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Summary: 1) The Danger of False Righteousness. 2) The Practice and Reward of False Giving 3) The Practice and Reward of True Giving

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With the recent earthquake in Haiti, there has been a world wide outpouring of assistance. In Canada and the United States we just saw two telethons, where celebrities participated to raise funds. One curious phenomena was the participation of John Travolta. "I have arranged for a plane to take down some volunteer ministers and some supplies and some medics," John says. "My church has also arranged for 80 medics and 33 volunteers to go down. What has been suspect, with many of the celebrities has been the ulterior motives as seen by their actions. John Travolta’s actions, for example, were to bring a small army of Scientologists into Haiti. Their charity has been seen to be motivated by furthering their popularity and personal causes.

(http://www.etonline.com/news/2010/01/82987/index.html)

True charity came into the world through Christianity, and the charity we see today—in the United Way, in the Red Cross, in hospitals, in benevolent foundations, in government—is purely a by-product of the gospel of the Lord Jesus Christ. Before Christ’s time there were no homes for the sick or poor, no orphanages. There was a world of toil and poverty, of the exposure of unwanted children, of slavery, of great hunger side by side with great affluence, and appalling indifference. After Christ came there was an instant and sacrificial love of the believers for each other. This was followed by care for the poor, hospitals, reform laws in the status of women, the establishing of change in labor laws, the abolition of slavery, and other things (Boice, J. M. (2002). The Sermon on the Mount : An expositional commentary (152). Grand Rapids, Mich.: Baker Books.).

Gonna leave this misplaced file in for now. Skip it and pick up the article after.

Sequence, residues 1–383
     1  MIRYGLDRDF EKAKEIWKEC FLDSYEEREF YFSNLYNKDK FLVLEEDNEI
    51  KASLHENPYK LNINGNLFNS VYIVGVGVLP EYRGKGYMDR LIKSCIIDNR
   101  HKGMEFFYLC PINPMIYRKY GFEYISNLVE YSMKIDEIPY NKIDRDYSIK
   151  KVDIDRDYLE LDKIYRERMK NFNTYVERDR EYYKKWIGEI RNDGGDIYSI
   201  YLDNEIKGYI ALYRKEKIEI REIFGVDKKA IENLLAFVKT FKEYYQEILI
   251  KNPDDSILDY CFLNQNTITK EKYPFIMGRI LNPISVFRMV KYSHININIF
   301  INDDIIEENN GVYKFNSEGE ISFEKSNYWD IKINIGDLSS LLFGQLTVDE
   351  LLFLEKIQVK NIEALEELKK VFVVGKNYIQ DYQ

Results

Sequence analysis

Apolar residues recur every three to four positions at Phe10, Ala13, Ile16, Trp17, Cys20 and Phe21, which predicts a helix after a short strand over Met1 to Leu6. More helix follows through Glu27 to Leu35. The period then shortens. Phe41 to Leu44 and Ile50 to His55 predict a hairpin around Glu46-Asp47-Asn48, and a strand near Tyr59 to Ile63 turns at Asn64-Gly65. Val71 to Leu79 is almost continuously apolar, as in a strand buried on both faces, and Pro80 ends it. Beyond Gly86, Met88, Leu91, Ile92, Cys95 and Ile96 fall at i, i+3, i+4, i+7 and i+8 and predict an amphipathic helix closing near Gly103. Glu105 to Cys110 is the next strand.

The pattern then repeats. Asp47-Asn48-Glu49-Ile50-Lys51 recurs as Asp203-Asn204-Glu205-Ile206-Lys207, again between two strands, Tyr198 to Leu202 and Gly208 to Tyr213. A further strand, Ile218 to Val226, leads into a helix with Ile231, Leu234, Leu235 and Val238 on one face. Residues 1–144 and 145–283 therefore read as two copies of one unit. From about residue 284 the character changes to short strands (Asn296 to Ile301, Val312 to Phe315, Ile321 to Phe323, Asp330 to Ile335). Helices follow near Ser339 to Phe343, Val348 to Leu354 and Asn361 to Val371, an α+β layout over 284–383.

Matthew 5:21–48 focuses on the teaching of the law, on what people are to believe, and 6:1–18 focuses on the practice of the law, what people are to do. The first section emphasizes inner moral righteousness-giving six representative illustrations regarding murder, adultery, divorce, oaths, revenge, and love. This second section emphasizes outward formal righteousness-giving three representative illustrations of religious activity. The first has to do with giving, our religion as it acts toward others (vv. 2–4); the second with praying, our religion as it acts toward God (vv. 5–15); and the third with fasting, our religion as it acts in relation to ourselves (vv. 16–18).

In the teachings of the Islam in the Koran, prayer, fasting and giving are the chief duties required from the Prophet Mohamed. Prayer, it is said, will carry a man halfway to Paradise. fasting will bring him to the gates, and giving will give him entrance. Likewise, with the great prominence which Roman Catholicism assigns to giving—especially when the gifts are bestowed upon herself—to the senseless repetition of prayers, and to bodily mortifications. Similar ideas obtain among other religions, especially in Buddhism-lamaism with its prayer-wheels being a case in point. But in our present passage Christ shows us that, as mere formal works, these religious acts are worthless in the sight of God (Pink, A. W. (2005). An exposition of the Sermon on the Mount. (146). Bellingham, WA: Logos Research Systems, Inc.)


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